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In Xenopus, convergence and extension are produced by active intercalation of the deep mesodermal cells between one another along the mediolateral axis (mediolateral cell intercalation), to form a narrower, longer array. The cell motility driving this intercalation is poorly understood. A companion paper shows that the endodermal epithelium organizes the(More)
In a companion paper (Shih, J. and Keller, R. (1992) Development 116, 901-914), we described a sequence of cell behaviors, called mediolateral intercalation behavior (MIB), that produces mediolateral cell intercalation, the process that drives convergence and extension of the axial and paraxial mesoderm of Xenopus. In this paper, we describe the pattern of(More)
The processes thought to function in Xenopus gastrulation include bottle cell formation, migration of cells on the roof of the blastocoel, and autonomous convergent extension of the circumblastoporal region. A review of recent and classical results shows that only the last accounts for the bulk of the tissue displacement of gastrulation, including spreading(More)
There is great interest in the patterning and morphogenesis of the vertebrate nervous system, but the morphogenetic movements involved in early neural development and their underlying cellular mechanisms are poorly understood. This paper describes the cellular basis of the early neural morphogenesis of Xenopus laevis. The results have important implications(More)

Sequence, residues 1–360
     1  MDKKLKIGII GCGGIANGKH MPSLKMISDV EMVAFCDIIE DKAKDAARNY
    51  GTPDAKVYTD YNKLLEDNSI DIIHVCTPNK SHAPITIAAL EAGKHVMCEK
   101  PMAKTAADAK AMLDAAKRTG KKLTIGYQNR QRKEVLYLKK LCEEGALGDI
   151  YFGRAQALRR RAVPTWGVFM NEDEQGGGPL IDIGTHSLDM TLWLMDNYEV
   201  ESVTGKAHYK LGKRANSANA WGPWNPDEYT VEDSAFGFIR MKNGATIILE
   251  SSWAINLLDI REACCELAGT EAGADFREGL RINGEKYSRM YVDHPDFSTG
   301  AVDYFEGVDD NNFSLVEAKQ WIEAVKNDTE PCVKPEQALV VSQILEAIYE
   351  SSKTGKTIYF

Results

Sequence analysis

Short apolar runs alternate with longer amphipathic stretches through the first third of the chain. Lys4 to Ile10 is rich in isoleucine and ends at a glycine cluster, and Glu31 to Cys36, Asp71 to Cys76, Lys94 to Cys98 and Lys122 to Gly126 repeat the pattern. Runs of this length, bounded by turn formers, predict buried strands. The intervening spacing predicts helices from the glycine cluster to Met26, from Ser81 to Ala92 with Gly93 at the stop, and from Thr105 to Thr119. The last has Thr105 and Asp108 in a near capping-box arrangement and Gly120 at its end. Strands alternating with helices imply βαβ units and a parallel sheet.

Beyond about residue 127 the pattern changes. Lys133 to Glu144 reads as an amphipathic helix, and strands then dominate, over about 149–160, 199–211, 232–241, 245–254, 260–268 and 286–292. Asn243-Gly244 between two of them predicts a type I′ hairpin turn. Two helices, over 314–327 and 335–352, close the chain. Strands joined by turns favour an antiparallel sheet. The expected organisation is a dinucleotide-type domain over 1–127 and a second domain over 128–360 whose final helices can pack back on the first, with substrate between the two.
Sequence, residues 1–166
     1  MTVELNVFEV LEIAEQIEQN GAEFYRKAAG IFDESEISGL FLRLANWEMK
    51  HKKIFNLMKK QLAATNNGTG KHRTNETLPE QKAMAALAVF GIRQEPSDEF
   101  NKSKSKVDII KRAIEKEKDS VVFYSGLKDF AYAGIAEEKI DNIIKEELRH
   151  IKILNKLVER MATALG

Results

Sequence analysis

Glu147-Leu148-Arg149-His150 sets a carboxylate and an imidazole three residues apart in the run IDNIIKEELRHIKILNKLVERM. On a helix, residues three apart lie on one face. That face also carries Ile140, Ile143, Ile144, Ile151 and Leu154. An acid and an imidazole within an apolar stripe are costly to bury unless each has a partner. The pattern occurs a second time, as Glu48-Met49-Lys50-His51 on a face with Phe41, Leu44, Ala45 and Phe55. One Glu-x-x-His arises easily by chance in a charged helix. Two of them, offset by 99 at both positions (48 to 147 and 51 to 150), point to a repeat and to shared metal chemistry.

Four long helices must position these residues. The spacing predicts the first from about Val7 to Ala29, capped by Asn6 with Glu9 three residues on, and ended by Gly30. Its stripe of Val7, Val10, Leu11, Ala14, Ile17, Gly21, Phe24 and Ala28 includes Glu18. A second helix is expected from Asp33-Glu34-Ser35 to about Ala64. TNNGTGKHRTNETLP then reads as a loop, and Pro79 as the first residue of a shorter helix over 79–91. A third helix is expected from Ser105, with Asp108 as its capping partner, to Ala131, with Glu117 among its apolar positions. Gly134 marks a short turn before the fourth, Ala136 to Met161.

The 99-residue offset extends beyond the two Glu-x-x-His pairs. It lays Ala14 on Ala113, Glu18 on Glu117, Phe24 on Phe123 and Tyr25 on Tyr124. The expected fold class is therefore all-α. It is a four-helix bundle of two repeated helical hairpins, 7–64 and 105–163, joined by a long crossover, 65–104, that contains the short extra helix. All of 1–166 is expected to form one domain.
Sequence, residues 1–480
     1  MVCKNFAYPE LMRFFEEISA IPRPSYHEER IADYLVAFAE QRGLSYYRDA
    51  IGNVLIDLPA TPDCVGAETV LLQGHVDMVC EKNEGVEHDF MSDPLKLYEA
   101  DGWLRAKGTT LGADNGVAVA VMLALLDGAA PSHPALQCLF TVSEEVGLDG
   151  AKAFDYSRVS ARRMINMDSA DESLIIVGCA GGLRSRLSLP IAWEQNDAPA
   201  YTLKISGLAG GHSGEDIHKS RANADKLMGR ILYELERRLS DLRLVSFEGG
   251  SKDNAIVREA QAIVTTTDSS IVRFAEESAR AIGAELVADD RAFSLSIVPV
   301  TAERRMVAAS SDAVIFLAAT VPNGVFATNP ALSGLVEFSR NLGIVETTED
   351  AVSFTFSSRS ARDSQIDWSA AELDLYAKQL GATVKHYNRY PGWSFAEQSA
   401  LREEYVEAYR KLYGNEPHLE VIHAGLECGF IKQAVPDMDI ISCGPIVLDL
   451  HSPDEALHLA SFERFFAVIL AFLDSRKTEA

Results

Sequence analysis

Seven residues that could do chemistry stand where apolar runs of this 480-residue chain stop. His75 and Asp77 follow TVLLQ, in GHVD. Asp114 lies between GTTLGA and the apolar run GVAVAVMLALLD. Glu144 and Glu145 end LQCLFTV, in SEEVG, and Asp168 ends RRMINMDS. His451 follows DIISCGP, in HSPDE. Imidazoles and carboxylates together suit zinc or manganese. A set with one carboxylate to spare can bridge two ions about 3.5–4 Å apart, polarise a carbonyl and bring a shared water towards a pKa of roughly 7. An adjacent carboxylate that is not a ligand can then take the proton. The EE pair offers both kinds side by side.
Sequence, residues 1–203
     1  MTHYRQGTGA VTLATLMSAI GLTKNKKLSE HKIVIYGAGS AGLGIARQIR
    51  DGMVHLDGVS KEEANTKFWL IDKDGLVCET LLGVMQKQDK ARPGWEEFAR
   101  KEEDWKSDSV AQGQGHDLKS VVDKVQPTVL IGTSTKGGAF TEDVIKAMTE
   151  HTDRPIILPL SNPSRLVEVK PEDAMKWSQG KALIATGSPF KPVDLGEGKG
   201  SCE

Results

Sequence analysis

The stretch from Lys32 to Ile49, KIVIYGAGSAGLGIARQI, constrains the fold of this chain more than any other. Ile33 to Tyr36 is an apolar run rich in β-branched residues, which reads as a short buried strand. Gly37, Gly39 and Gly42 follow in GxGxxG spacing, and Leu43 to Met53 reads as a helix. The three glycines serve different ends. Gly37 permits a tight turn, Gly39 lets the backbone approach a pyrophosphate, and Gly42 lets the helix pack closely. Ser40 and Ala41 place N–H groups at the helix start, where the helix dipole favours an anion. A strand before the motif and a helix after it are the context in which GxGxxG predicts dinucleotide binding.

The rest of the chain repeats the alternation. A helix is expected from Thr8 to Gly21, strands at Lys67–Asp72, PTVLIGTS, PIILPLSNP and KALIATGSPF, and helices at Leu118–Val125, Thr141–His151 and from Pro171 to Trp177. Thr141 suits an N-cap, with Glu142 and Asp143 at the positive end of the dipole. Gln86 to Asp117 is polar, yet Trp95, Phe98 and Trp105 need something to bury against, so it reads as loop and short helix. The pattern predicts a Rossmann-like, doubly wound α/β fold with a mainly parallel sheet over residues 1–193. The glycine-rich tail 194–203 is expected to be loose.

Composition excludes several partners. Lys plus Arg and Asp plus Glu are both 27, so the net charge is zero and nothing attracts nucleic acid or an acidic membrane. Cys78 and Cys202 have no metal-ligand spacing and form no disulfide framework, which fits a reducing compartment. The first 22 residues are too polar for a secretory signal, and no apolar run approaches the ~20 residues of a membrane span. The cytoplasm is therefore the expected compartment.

We have investigated the properties of the epithelial layer of the dorsal marginal zone (DMZ) of the Xenopus laevis early gastrula and found that it has inductive properties similar to those of the entire Spemann organizer. When grafts of the epithelial layer of the DMZ of early gastrulae labelled with fluorescein dextran were transplanted to the ventral(More)
We discuss the cellular basis and tissue interactions regulating convergence and extension of the vertebrate body axis in early embryogenesis of Xenopus. Convergence and extension occur in the dorsal mesoderm (prospective notochord and somite) and in the posterior nervous system (prospective hindbrain and spinal cord) by sequential cell intercalations.(More)
This paper demonstrates that convergence and extension within the neural plate of Xenopus laevis are regulated by planar inductive interactions with the adjacent Spemann organizer. The companion article (Keller et al.: Developmental Dynamics 193:199-217, 1992) showed that the prospective hindbrain and spinal cord occupy a very short and very wide area just(More)
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